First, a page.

Contrasting "native" and "outsider" points of view, this book explores the contemporary realities of work, development and redevelopment in Pittsfield, Massachusetts, a New England community undergoing rapid industrial restructuring.
Based on anthropological fieldwork in Pittsfield, Massachusetts, In the Wake of the Giant has implications for towns and cities across the country and internationally. It traces the history of the Pittsfield region, the U. S. economy, and the tidal wave of multinational corporate restructurings. Comparing communities undergoing restructuring to newly independent states, Kirsch shows how these communities confront for the first time the challenge of directing their own present and future. The turmoil that develops as a result of these changes, and the means by which individuals, kin-groups and community voluntary organizations react and adapt are central themes of the book.
Max H. Kirsch teaches anthropology at Oberlin College. He is past Associate Dean of the Graduate Faculty of Social and Political Science at the New School for Social Research in New York.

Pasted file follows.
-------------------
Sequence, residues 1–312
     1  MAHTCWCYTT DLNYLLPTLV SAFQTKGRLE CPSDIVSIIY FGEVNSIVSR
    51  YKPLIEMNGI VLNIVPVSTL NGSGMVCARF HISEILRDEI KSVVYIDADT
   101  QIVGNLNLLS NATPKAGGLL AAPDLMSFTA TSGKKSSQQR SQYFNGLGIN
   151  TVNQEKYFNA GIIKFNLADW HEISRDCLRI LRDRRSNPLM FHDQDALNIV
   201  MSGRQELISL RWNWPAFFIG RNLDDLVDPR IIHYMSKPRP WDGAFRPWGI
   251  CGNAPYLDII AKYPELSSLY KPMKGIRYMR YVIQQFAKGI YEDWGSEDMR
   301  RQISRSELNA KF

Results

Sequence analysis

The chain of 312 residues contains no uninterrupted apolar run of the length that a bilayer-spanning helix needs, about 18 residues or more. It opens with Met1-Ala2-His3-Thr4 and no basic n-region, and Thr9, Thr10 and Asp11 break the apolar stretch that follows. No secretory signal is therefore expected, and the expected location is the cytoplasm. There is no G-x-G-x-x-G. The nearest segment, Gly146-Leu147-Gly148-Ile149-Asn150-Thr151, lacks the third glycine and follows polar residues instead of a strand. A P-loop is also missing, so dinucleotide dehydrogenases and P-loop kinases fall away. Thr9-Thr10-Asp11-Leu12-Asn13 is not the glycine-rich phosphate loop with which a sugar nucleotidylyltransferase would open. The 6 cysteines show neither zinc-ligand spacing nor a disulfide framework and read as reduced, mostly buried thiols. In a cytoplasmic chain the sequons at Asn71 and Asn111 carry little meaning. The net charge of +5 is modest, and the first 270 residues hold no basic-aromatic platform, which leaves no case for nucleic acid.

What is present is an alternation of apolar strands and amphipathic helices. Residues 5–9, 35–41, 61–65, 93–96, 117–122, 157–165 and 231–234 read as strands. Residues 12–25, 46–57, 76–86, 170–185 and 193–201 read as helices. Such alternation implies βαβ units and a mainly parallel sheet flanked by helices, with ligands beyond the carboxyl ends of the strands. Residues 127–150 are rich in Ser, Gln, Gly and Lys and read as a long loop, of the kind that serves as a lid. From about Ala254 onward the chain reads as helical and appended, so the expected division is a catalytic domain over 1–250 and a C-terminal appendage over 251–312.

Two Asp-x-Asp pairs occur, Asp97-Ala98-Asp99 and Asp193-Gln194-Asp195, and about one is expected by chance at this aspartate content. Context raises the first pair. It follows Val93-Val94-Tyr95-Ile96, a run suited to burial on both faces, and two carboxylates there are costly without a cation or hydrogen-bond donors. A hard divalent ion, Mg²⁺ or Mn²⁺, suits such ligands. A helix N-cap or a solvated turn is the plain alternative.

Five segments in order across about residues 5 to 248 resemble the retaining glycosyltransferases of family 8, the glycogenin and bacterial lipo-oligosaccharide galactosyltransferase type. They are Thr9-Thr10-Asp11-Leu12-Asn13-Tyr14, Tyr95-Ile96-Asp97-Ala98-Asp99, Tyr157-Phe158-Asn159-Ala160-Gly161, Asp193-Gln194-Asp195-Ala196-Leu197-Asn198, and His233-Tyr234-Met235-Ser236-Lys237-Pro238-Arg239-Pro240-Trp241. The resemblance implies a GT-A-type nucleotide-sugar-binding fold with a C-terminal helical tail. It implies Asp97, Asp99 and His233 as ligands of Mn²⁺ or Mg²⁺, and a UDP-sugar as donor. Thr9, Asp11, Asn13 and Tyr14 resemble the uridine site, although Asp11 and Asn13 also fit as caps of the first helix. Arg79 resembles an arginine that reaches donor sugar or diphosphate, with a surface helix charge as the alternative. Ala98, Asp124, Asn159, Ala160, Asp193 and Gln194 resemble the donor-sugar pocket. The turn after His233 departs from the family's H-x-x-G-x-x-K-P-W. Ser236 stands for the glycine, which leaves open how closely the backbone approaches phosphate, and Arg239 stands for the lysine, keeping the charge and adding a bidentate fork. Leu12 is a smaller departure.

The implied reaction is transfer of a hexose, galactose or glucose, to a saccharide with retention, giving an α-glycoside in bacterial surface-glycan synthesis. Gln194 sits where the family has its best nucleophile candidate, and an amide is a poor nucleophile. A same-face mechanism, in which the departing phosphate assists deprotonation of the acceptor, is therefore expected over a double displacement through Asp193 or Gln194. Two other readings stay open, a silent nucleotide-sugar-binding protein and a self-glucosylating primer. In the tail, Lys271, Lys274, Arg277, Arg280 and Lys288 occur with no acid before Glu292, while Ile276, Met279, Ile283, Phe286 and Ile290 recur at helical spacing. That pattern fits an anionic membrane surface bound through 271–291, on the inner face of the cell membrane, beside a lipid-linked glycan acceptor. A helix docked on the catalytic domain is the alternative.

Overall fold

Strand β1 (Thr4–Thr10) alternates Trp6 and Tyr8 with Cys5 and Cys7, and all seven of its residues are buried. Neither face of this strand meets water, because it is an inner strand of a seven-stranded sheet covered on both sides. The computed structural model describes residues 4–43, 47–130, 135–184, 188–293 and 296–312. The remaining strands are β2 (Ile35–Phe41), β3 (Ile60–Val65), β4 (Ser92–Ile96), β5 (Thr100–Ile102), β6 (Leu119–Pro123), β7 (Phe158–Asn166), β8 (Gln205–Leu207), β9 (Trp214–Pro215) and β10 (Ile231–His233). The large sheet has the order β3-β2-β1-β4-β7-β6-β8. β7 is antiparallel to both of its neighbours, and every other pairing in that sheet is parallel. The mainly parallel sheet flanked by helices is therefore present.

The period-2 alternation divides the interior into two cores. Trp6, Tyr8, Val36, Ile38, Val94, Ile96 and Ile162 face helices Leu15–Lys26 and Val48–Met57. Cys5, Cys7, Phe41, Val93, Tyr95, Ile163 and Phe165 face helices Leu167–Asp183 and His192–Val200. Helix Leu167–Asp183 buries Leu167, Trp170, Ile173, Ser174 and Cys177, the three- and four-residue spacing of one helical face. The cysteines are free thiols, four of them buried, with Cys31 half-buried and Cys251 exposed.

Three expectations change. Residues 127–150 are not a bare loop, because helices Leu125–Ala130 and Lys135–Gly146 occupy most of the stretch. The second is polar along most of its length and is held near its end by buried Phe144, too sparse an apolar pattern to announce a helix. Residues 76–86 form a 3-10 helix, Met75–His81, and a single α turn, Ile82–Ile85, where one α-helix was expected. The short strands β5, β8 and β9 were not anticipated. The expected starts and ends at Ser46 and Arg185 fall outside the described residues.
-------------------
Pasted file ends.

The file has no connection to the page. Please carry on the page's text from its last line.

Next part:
"In the Wake of the Giant is a remarkable book. Much of the anthropology now being done has fallen into the trap of a less thoughtful postmodernism—concentrating more on textuality and the emotional states of individuals, without any realization that these secondary states are derived from historical and economic, as well as linguistic and psychical processes. Kirsch manages to combine the historical and economic with the individual perspectives brilliantly.
"One of the outstanding features of the book is its readable style. It is very well-written, with an excellent narrative feel. " — Richard Feldstein, Rhode Island College